There are various levels of Apprenticeship to apply for depending on current skills and qualifications. Apprenticeships have equivalent educational levels:
Intermediate – Level 2
Equivalent Educational Level – 5 GCSE passed at grade A* – C or 9 – 4
Advanced – Level 3
Equivalent Educational Level – 2 A Level Passes
Higher – Level 4, 5, 6 and 7
Equivalent Educational Level – HND Level and above
Degree – Level 6 and 7
Equivalent Educational Level – Bachelor’s or Master’s Degree
All Apprenticeships include elements of on and off the job training leading to industry recognised standards or qualifications. Some Apprenticeships will require an assessment at the end of the programme to assess the apprentice`s ability and competence in their job role.
Hiring an Apprentice can help grow your business by allowing you to train your staff in line with your business requirements, boosting productivity and competitiveness. A research study carried out by the Centre for Economics and Business Research (Cebr) found that, on average, each apprentice brings an increase in productivity of more than £10,000 per year for their employer, with figures for some sectors even higher.
In addition to building a business’s skills base, Apprenticeships are particularly cost-effective as a form of training, because young people are making a contribution to the workplace while they are learning. Providing quality training to Apprentices is also likely to bring benefits through staff retention. A key factor is that staff typically feel loyal to employers who have invested in their training, and are therefore more engaged and motivated to stay.
The current Apprenticeship frameworks are focused on qualifications and will be replaced by Apprenticeship standards by 2020, which have been developed by ‘trailblazer’ employer groups.
The standards are designed to improve the quality of Apprenticeships and provide the skills employers require specific to their sector. Each standard is focused on the occupation and will set out the core skills, knowledge and behaviours required to perform their role and succeed in the industry. The apprentice is independently assessed at the end of their training.
Apprenticeship guidelines stipulate that Apprentices must spend at least 20% of their time on ‘off the job training’. Off-the-job training is defined as learning which is undertaken outside of the normal day-today working environment and leads towards the achievement of an Apprenticeship. As part of their working hours Apprentices need to be released one day a week from work to attend College-based training or as negotiated between the employer and Preston’s College.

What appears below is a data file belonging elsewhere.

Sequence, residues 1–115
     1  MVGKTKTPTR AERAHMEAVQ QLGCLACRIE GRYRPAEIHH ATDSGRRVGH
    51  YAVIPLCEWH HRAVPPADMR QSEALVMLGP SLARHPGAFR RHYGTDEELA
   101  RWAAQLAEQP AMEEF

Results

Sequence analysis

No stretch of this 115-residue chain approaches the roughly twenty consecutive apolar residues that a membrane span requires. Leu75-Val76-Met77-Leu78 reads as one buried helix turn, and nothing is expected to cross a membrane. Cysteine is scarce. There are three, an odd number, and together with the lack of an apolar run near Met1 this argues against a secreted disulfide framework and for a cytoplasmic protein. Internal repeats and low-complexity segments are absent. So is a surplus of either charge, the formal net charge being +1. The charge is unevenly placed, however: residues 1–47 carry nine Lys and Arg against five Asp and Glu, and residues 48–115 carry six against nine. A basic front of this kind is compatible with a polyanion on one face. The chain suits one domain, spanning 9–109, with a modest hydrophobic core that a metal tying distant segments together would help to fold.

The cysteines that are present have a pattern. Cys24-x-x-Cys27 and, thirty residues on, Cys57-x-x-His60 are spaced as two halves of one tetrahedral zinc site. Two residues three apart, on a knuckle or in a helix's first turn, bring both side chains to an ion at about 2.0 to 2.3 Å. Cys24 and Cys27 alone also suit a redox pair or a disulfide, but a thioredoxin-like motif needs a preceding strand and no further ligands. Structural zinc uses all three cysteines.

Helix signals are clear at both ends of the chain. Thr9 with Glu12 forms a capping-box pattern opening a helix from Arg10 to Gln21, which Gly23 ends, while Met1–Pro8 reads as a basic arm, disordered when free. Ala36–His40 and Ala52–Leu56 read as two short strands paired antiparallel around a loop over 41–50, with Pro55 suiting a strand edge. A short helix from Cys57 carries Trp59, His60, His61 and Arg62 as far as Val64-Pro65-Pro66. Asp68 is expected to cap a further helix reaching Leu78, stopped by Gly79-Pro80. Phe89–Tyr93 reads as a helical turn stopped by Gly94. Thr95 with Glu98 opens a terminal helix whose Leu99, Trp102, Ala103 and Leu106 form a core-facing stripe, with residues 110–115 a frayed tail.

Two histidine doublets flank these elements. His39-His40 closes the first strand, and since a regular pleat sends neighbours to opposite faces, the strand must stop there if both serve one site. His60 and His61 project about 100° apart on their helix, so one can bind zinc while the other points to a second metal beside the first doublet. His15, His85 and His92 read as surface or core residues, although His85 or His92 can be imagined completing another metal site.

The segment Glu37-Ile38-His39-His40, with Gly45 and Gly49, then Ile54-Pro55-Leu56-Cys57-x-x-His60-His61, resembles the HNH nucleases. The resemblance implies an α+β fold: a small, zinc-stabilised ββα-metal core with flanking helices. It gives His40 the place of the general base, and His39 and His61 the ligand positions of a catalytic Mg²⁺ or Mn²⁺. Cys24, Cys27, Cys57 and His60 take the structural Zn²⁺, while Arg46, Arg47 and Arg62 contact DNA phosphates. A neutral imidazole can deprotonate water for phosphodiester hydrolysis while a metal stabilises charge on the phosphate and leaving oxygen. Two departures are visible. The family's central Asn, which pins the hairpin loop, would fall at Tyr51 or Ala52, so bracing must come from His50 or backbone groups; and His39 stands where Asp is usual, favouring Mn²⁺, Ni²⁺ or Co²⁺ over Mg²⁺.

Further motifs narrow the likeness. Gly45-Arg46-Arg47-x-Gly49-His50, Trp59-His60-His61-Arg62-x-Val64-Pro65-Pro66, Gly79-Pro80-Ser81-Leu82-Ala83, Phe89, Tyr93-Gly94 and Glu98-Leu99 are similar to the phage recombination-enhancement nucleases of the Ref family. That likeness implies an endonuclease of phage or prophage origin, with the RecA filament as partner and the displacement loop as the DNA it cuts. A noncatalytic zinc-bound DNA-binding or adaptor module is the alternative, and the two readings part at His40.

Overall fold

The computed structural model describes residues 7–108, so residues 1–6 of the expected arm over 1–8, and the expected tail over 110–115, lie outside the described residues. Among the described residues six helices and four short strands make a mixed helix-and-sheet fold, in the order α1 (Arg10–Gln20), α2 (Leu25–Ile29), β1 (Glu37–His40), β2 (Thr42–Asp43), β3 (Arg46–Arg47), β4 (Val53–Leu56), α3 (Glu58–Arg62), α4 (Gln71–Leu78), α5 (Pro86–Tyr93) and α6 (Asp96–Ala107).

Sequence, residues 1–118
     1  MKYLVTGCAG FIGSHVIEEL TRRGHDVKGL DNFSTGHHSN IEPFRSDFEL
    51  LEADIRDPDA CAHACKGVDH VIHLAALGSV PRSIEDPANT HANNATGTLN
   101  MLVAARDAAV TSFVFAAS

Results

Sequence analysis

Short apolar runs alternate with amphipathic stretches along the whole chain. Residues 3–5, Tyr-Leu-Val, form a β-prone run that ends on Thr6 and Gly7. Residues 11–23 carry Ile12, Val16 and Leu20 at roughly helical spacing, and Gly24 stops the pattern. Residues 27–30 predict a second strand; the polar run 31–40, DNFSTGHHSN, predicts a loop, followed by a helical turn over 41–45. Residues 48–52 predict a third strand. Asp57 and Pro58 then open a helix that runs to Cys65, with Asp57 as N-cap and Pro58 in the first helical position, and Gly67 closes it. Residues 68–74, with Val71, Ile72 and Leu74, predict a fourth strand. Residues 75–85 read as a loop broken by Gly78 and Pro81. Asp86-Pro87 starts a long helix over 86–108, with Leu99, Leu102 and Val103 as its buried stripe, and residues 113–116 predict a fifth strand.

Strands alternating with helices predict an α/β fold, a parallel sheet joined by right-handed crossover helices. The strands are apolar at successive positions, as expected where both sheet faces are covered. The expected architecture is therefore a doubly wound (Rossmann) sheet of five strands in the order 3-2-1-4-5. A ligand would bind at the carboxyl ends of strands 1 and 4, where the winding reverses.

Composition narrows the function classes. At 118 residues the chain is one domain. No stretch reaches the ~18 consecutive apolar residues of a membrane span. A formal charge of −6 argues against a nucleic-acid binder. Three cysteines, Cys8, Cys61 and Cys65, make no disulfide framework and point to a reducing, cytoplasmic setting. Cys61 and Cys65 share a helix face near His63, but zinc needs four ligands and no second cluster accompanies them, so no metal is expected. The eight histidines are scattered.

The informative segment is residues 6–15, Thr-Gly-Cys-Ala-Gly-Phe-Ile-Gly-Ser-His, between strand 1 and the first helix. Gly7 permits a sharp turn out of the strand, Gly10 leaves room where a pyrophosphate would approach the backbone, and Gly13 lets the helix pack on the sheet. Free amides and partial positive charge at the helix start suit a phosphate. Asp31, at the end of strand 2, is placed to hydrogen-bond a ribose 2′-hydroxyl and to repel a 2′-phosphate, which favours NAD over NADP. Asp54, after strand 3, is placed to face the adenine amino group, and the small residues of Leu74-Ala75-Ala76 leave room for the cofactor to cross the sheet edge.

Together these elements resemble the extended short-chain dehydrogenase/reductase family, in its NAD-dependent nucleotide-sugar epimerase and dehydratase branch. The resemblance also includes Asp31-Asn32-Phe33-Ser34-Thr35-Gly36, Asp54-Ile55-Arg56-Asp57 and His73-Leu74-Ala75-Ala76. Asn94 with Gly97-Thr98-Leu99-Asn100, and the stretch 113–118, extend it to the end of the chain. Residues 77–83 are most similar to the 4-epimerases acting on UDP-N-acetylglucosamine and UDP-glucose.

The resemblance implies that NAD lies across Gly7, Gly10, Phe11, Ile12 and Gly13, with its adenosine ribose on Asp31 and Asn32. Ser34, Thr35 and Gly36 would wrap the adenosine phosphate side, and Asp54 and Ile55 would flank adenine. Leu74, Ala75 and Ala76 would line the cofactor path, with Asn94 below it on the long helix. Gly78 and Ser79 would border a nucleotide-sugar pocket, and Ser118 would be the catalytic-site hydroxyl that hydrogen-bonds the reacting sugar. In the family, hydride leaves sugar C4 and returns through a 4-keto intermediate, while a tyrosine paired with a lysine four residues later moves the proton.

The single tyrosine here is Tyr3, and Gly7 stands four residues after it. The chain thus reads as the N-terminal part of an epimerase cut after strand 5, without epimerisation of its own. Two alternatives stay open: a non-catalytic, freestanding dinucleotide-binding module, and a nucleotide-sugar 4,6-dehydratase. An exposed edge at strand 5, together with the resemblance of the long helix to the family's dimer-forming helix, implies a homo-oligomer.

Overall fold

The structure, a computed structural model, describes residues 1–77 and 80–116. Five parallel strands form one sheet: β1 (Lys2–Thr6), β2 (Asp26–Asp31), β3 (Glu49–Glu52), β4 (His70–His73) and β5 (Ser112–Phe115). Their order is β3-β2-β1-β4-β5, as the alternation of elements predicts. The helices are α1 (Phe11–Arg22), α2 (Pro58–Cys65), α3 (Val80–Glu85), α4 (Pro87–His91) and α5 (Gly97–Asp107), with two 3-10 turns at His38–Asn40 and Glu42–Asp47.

Information about the Apprenticeship Levy and the subsequent costs associated with an Apprenticeship can be found here.
Yes. The laws states that they have a right to paid time off for training. It is also in your interest to give employees on Apprenticeship programmes, reasonable paid time off for any training that benefits your business.
Yes. All Apprentices must be employed, working a minimum of 30 hours a week before we can offer them a training programme. The employer, learner and college will be required to sign an Apprenticeship Training Contract that legally must be in place before the training begins and payment of the Apprenticeship wage can commence.
The apprentice minimum wage is £3.90 per hour. This rate applies to Apprentices under 19 and Apprentices aged 19* or over.
*but only in the first year of their Apprenticeship, it will then need to increase to the National Minimum Wage for their relative age group.
Yes, as long as they are not currently in full time education. New guidelines state that individuals with a Degree or higher level qualification can now undertake an Apprenticeship as long as the Standard/Framework is significantly different to their qualification achieved. All individuals wishing to undertake an Apprenticeship must be assessed in English and Maths.
All we ask is for employers to give as much support as possible in this process. Once the programme starts, work-based assessments involve assessors observing and providing guidance to your staff while they are doing their normal job. Progress reviews will be completed every 12 weeks between the assessor, employee and a supervisor/mentor from the organisation.
Preston’s College uses OneFile to deliver Apprenticeships, which allows candidates and employers easy access to submit work and monitor progress. OneFile is a piece of software which allows electronic monitoring of the training. You can access it anywhere via the internet and see live reports, work submitted (e-portfolio) and track the progress of your employee.
Yes, thousands of full-time staff across Lancashire currently study on an Apprenticeship programme to help upskill in their chosen field. An Apprenticeship can help companies train staff in managerial positions or simply to give them added skills, knowledge and confidence in the workplace.
We will provide a dedicated Apprenticeship Training and Support Officer (ATSO) to offer support and guidance. Each representative works closely with employers to:
• Help them decide which Apprenticeship is right for them
• Explain how an Apprenticeships might work for them and if funding is available
• Agree a training plan with the apprentice
• Help recruit an apprentice or support existing staff into Apprenticeships
• Manage the training and evaluation to nationally recognised quality standards